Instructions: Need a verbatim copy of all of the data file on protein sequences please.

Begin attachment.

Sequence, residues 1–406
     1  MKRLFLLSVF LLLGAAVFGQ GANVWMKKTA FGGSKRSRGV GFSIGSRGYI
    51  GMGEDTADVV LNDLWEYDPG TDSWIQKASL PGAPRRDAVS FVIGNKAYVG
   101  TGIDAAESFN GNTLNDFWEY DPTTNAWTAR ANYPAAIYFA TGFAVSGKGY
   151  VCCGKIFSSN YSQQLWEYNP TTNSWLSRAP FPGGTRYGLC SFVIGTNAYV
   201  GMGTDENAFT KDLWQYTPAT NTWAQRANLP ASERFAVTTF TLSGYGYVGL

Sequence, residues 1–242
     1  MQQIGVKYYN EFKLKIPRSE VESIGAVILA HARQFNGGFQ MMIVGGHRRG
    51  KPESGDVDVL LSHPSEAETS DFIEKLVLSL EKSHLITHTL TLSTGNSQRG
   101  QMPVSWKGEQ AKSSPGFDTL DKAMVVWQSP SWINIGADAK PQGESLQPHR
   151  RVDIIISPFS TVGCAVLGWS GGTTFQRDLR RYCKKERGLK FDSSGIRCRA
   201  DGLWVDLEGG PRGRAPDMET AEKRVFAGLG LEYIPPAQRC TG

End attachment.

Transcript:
Sequence, residues 1–406
     1  MKRLFLLSVF LLLGAAVFGQ GANVWMKKTA FGGSKRSRGV GFSIGSRGYI
    51  GMGEDTADVV LNDLWEYDPG TDSWIQKASL PGAPRRDAVS FVIGNKAYVG
   101  TGIDAAESFN GNTLNDFWEY DPTTNAWTAR ANYPAAIYFA TGFAVSGKGY
   151  VCCGKIFSSN YSQQLWEYNP TTNSWLSRAP FPGGTRYGLC SFVIGTNAYV
   201  GMGTDENAFT KDLWQYTPAT NTWAQRANLP ASERFAVTTF TLSGYGYVGL

Sequence, residues 1–242
     1  MQQIGVKYYN EFKLKIPRSE VESIGAVILA HARQFNGGFQ MMIVGGHRRG
    51  KPESGDVDVL LSHPSEAETS DFIEKLVLSL EKSHLITHTL TLSTGNSQRG
   101  QMPVSWKGEQ AKSSPGFDTL DKAMVVWQSP SWINIGADAK PQGESLQPHR
   151  RVDIIISPFS TVGCAVLGWS GGTTFQRDLR RYCKKERGLK FDSSGIRCRA
   201  DGLWVDLEGG PRGRAPDMET AEKRVFAGLG LEYIPPAQRC TG